This is your friend who isn’t afraid of the spotlight. It might be akin to preaching, but more likely Apollos was ready, at any given moment, to stand up in front of a group of people and point them to Jesus as the answer to any of their questions. What we see in Apollos is fervency for the Gospel of Jesus through public word and deed and through using his natural gifts. For many of us here this morning this sounds terrifying! Standing up, in public, and debating, and refuting, and teaching. This begins to point us to the beauty of fervency for the gospel. God takes his people and uses their natural gifts and talents and training for the sake of encouraging and equipping others in the gospel of Jesus. While some of you may cringe when you see someone like Apollos stand up and proclaim the wonders of Jesus and a very public way, remember that like Apollos, “he greatly helped those who through grace had believed” (Acts 18:28).

Encourage those who publicly engage in discussions for the sake of the gospel of Jesus in God honoring ways. And consider, are there moments where you ought to be more public in your expression of the gospel. Do your co-workers and friends even know you are a Christian? Are you willing to offer a Biblical perspective in a winsome way when necessary or an opportunity presents itself?

For those of you who, like Apollos, feel compelled and equipped to publicly engage in the discussion of Jesus Christ, push on! May it be that by doing good you may silence ignorant, foolish people (1 Peter 2:15) and that people might glorify God because of your good deeds and conduct (1 Peter 2:12). Use your fervency for the sake of the spreading of the gospel of Jesus for the salvation of God’s people. And, be ready for some experiences like Apollos had with Priscilla and Aquilla!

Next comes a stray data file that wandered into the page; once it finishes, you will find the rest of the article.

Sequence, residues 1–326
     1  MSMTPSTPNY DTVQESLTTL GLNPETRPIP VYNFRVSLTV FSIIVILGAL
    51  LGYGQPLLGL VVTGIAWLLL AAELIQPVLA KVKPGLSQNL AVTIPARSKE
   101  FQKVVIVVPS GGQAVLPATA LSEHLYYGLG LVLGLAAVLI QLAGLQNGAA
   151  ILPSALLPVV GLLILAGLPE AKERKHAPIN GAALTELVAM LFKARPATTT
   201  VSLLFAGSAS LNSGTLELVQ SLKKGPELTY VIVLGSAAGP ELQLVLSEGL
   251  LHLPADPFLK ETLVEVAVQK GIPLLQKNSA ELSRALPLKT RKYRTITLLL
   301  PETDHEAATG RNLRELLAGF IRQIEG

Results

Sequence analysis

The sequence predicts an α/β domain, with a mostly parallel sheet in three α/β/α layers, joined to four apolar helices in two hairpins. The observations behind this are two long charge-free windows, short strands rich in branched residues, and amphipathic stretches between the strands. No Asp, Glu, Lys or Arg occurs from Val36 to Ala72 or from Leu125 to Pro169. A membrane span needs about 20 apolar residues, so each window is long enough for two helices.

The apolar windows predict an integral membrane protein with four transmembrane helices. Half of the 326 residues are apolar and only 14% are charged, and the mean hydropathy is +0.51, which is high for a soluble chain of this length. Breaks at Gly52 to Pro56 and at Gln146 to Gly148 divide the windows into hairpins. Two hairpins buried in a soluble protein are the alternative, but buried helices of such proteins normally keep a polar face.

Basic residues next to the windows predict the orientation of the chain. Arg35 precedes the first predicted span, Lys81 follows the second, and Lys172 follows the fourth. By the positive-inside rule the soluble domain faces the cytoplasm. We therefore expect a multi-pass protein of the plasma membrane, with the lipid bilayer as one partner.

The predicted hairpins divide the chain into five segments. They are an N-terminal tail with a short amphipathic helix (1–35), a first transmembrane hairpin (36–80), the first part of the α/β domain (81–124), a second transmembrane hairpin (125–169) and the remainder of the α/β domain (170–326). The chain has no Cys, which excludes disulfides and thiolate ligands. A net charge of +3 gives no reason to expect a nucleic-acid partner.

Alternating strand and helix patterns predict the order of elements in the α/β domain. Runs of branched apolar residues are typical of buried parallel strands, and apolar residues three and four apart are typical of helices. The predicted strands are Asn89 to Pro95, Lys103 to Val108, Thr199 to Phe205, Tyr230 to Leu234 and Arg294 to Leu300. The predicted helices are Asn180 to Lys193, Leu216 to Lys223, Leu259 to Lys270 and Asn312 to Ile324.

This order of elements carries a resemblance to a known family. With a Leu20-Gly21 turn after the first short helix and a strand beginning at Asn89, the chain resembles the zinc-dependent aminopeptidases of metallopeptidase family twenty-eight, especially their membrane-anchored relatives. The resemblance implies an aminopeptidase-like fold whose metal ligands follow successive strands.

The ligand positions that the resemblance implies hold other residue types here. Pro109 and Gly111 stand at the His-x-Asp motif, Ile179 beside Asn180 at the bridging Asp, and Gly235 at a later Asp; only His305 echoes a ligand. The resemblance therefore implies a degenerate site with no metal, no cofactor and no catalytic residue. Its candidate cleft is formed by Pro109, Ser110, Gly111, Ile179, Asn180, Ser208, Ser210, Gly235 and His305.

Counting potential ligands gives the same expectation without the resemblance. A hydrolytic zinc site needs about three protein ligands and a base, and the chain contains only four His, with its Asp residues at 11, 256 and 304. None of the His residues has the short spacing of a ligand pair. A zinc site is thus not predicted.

Fervency: In private admonition

When Priscilla and Aquilla see Apollos, they quickly note something very important: “he knew only of the baptism of John.” (Acts 18:25) He had a hole in his understanding. He was baptizing people into repentance as John the Baptist did and was not yet baptizing them into the joy of salvation and hope in Jesus Christ, the power of new life in his Spirit, and the renewed relationship we all have with the Father through him. Public people open themselves publicly to criticism. And what Priscilla and Aquilla did required great fervency for the gospel! We have only one sentence about their interaction with Apollos: “but when Priscilla and Aquilla heard him, they took him aside and explained to him the way of God more accurately.” (Acts 18:26).